Why Children Are Vulnerable to Identity Theft

Certified Financial Planner (CFP) Robert Ryerson of New Century Planning possesses more than 25 years of experience in estate management and retirement planning. Additionally, Robert Ryerson is a Certified Identity Theft Risk Management Specialist (CITRMS) and author of the book What’s the Deal with Identity Theft: A Plain English Look at Our Fastest Growing Crime.

In 2017, more than a million children, two-thirds under the age of 8, were victims of identity theft or fraud, resulting in losses of more than $2.67 billion. Because a child’s Social Security number has not been used before, it is more valuable to criminals.

When a bank uses the child’s Social Security number to pull a credit report, nothing suspicious appears, so criminals can use the number freely. Typical warning signs of a child’s identity being used fraudulently include the child receiving pre-approved credit card offers or jury summons in the mail. In the event of suspicious activity, parents can place a freeze on the child’s credit report to prevent the opening of new credit accounts.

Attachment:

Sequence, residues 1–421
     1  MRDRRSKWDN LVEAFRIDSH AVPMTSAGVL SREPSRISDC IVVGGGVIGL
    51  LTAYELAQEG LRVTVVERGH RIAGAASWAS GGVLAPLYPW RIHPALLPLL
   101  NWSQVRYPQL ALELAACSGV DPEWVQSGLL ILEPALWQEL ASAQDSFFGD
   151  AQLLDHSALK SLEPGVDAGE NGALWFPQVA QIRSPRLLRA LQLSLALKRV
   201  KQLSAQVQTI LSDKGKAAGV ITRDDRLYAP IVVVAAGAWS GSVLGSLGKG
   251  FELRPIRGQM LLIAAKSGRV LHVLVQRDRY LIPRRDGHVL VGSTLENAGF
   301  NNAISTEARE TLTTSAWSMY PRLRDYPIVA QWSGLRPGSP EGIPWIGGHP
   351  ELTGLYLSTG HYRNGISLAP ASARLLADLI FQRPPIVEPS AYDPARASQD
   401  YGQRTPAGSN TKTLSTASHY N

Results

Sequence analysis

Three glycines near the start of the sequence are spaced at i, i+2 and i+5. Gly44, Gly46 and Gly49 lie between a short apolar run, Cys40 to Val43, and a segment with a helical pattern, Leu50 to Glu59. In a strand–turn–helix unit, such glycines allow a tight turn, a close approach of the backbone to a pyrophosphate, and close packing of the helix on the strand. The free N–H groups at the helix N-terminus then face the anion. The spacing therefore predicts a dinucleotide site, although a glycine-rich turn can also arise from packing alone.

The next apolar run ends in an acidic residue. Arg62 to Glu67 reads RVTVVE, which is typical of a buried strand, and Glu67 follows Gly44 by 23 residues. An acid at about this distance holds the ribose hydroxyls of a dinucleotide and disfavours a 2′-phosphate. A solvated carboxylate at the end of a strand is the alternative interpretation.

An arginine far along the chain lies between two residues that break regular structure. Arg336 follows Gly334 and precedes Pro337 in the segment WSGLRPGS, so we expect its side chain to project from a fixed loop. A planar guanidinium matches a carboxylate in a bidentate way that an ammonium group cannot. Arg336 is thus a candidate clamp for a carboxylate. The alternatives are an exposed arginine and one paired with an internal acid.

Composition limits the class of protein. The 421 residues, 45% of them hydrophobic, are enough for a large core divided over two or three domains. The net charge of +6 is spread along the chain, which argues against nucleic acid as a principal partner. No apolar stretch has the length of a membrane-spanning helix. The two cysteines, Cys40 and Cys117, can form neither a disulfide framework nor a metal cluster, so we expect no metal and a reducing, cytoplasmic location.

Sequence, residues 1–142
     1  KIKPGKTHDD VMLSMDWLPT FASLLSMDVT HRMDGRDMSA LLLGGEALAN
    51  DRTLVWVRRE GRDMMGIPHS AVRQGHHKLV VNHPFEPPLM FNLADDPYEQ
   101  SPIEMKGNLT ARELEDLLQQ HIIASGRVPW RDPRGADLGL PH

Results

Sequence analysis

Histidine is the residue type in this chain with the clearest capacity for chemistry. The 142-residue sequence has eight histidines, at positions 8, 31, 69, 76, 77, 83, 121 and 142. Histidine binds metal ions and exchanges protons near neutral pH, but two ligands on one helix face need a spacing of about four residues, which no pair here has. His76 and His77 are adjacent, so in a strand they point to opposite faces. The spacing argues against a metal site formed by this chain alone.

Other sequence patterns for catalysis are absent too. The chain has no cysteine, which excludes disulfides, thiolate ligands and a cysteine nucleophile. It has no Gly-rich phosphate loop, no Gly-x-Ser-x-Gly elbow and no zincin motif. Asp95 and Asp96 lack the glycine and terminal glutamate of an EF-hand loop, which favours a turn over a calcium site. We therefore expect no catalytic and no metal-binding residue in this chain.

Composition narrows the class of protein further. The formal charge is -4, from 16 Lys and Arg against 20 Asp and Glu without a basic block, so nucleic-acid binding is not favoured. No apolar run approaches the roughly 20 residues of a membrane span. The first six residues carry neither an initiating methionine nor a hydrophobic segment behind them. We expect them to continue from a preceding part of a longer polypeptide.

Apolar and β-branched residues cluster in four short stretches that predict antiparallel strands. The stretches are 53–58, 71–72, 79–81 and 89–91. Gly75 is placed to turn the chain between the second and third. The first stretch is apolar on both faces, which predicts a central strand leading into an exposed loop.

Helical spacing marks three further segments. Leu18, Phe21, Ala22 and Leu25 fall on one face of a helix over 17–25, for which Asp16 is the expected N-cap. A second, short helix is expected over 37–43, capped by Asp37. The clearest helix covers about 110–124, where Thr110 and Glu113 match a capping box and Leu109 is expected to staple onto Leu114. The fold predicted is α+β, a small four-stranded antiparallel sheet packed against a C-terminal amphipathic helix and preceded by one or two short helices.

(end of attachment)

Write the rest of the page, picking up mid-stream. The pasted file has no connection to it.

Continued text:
Author

Robert Ryerson

Although Robert M. Ryerson completed all the necessary requirements to earn bachelor of arts degrees in both English and economics at Rutgers University, college policy at the time prohibited the issuance of dual degrees. As a result, he graduated from Rutgers with a single bachelor of arts in economics before finding employment as a stockbroker with Shearson Lehman Brothers in New York City. Robert M. Ryerson has since established himself as a respected estate administrator and legacy planner. In addition to his degree from Rutgers, Mr. Ryerson holds professional designations as both a Certified Financial Planner professional and a Certified Identity Theft Risk Management Specialist. He has shared his knowledge on the subject of identity theft as the author of the book What’s The Deal With Identity Theft?: A Plain-English Look at Our Fastest Growing Crime. He has also covered identity theft issues directly for students as the instructor of the adult education course Understanding Identity Theft: Our Fastest Growing Crime.

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